Their next live show is their latest opportunity to raise money for Kiddo!, the 36-year-old juggernaut private education foundation that supports a vast array of music and technology programs within the Mill Valley School District. Adessa and Bluegrass Club co-founder Phoebe Dong will be leading the bands through a live set at the venerable Sweetwater Music Hall on Monday, April 23, with net proceeds from ticket sales benefiting Kiddo.
The MVMS bands are opening for the Grateful Bluegrass Boys, a group of well-traveled bluegrass musicians playing classic rock songs from the likes of the Grateful Dead, Bob Dylan, the Eagles and Van Morrison. One member of the Grateful Bluegrass Boys, Aaron Redner, came through the Mill Valley School District music program and credits Joe Angiulo, the hugely influential local music teacher who retired after 30 years in Mill Valley’s schools and now sits on the board of the Mill Valley Chamber Music Society, with first connecting him to the genre.
“Joe was the person who first laid out all of the instruments in front me,” says Redner, who’s joined by a “continuing cast of characters” that includes James Nash, Isaac Cantor, Bryan Horne, Ben Jacobs and special guests. “I was drawn to the violin. I’m a living example of the Mill Valley public school system.”
Redner, who attended Old Mill, Park and the Middle School, credits Kiddo!, the district’s music program and Angiulo specifically for a career that has sent him all over the world playing 200 shows a year over a 13-year stint as a member of stalwart California bluegrass band Hot Buttered Rum.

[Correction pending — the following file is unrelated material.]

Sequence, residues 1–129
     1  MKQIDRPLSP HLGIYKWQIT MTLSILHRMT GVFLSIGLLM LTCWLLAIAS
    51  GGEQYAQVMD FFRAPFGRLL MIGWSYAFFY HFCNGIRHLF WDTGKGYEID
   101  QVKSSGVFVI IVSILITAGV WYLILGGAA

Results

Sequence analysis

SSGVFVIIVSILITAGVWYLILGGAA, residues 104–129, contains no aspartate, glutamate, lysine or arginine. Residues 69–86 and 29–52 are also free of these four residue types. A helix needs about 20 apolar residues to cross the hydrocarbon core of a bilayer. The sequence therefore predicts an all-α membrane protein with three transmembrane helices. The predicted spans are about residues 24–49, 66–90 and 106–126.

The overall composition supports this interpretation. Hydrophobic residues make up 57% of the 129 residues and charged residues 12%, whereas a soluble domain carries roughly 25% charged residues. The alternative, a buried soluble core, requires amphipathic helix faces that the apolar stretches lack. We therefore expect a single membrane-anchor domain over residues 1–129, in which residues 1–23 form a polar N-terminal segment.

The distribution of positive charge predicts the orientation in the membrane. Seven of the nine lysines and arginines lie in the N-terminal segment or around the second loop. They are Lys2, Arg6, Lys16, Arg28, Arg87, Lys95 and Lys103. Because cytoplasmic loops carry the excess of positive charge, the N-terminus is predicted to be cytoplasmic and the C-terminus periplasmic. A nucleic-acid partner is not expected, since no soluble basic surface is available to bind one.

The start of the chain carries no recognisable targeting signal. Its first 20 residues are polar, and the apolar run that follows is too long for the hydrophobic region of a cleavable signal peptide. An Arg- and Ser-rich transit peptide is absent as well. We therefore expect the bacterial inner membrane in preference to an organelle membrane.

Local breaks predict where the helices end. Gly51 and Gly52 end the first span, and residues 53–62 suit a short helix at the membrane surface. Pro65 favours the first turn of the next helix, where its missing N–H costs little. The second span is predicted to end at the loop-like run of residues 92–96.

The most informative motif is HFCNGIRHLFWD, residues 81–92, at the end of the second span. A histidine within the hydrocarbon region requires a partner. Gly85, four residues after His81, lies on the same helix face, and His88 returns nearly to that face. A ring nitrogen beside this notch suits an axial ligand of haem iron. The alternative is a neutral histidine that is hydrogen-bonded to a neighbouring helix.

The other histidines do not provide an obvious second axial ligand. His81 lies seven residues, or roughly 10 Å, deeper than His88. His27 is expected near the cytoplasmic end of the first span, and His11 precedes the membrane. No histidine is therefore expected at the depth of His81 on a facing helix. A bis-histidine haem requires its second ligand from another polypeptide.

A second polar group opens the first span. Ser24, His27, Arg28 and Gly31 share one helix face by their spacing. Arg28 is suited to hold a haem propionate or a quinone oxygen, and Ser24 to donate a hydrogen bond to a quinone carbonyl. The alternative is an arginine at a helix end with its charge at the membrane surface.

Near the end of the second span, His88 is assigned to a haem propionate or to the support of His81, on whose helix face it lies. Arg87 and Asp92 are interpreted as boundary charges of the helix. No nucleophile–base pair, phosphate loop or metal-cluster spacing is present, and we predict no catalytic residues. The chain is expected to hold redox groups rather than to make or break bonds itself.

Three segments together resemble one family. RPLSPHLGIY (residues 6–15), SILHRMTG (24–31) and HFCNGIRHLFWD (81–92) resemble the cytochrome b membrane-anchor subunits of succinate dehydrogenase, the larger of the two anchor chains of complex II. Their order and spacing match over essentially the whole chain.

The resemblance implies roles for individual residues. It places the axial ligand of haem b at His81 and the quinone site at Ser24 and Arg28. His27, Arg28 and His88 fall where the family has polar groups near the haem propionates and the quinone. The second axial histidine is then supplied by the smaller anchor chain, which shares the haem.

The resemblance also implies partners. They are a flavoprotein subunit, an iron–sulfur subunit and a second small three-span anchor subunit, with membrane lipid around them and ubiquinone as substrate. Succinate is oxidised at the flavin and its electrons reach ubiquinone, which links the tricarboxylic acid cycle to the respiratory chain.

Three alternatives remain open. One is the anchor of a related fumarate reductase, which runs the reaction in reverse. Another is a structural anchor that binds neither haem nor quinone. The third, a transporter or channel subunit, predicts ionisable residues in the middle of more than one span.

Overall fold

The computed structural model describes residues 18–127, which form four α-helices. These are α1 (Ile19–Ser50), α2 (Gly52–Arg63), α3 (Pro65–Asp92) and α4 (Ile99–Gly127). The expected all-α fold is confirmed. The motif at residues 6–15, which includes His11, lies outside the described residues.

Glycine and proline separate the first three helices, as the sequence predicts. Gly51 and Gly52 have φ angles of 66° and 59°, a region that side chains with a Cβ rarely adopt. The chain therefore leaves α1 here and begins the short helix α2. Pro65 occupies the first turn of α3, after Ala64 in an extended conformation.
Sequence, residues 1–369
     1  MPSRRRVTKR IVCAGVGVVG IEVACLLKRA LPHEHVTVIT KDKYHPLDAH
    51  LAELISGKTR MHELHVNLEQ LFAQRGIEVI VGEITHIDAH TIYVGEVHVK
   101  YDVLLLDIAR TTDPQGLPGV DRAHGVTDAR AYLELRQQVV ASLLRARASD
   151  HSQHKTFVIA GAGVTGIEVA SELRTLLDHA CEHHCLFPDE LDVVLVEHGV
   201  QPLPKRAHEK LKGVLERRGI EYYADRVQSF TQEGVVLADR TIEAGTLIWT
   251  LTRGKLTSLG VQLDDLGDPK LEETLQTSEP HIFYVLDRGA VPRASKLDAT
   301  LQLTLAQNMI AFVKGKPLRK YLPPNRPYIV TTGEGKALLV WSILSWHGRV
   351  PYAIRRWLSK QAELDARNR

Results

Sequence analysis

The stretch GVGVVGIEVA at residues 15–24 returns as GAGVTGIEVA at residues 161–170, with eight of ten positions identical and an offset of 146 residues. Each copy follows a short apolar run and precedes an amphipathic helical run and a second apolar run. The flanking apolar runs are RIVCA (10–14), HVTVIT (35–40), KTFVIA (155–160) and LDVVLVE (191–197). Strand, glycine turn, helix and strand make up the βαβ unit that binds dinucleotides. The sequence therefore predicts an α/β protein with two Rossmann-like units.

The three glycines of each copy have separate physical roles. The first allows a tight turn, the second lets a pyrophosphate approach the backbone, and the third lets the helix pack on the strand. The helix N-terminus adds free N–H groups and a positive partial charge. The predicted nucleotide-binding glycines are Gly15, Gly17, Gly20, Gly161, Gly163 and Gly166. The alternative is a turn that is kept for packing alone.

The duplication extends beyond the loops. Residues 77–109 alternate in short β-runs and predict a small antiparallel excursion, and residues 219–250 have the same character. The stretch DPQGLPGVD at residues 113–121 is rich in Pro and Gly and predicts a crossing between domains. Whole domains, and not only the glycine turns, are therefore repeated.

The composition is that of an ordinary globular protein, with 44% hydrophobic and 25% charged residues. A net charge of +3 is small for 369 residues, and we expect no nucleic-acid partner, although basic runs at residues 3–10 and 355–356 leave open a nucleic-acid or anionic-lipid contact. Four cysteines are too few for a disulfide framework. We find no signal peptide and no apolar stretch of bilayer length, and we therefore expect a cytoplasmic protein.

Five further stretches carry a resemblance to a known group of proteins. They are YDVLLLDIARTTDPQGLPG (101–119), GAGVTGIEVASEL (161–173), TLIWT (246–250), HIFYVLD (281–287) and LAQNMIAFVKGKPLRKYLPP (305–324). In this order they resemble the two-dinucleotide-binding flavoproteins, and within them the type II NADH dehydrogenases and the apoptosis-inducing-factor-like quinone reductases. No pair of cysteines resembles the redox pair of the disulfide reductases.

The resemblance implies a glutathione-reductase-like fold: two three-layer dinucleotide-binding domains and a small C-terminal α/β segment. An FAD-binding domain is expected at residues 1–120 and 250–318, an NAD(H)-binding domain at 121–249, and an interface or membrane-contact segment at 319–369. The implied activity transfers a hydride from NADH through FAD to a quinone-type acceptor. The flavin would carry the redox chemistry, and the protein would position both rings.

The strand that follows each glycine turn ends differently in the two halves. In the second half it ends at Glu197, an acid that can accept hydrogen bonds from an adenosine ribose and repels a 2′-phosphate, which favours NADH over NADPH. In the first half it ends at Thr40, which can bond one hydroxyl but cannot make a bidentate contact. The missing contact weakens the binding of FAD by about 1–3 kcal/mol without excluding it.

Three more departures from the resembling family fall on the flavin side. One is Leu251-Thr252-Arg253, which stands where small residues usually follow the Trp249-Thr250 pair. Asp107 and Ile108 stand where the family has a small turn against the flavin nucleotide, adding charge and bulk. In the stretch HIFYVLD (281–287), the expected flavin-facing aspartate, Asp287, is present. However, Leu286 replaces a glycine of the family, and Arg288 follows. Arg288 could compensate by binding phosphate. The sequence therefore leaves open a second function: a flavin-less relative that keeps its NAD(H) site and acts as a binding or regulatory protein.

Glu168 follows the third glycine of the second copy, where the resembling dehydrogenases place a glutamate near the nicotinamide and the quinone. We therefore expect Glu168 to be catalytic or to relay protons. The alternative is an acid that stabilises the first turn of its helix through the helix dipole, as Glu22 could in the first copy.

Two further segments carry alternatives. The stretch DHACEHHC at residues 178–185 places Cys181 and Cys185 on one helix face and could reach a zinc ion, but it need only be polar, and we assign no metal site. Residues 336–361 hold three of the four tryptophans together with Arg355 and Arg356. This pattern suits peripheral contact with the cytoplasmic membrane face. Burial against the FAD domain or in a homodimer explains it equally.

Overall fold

The group’s members first bonded around the band Old and in the Way, a bluegrass supergroup that featured the likes of Grateful Dead guitarist Jerry Garcia, mandolin legend David Grisman, guitarist Peter Rowan, bassist John Kahn and renowned fiddler Vassar Clements. The band’s self-titled debut album is one of the best-selling bluegrass albums of all time.
As a violinist who got his master’s degree in classical music from the New England Conservatory in Boston, Redner was blown away by Clements.
“That was my beginning,” says Redner.
The beginning of the MVMS Bluegrass Club arrived serendipitously, when a Tam Valley student asked Adessa if he could learn banjo. Knowing that the student would later be going to the Middle School, she asked Dong, who was recognized in 2015 as Teacher of the Year by the Marin Symphony and who is closely connected to the school’s string instrument players as the orchestra director. Dong signed off, and Adessa started spreading the word. It grew quickly from there.
“Bluegrass is in now,” Adessa says. “Whereas when I was playing, it was NOT in for most kids.”
The music itself is great for the students’ overall musical skills, particularly because each musician doesn’t play the melody at the same time. Instead, one musician plays the melody, often improvising, and the rest are playing in the background – and everything is memorized.
“I bring all of the ideas of how to perform and play the music as a bluegrass band, so it doesn’t sound like a bluegrass orchestra but a bluegrass band,” says Adessa. Since most of the club’s musicians are also in the school orchestra, the club has participated in the school’s annual winter and spring orchestra programs to date, and at community events.
“Getting to play at the Sweetwater again is huge for them,” Adessa says.
The 411: The Grateful Bluegrass Boys and the Mill Valley Middle School Bluegrass Club play the Sweetwater Music Hall on Monday, April 23, a all-ages benefit for Kiddo!. MORE INFO & TIX.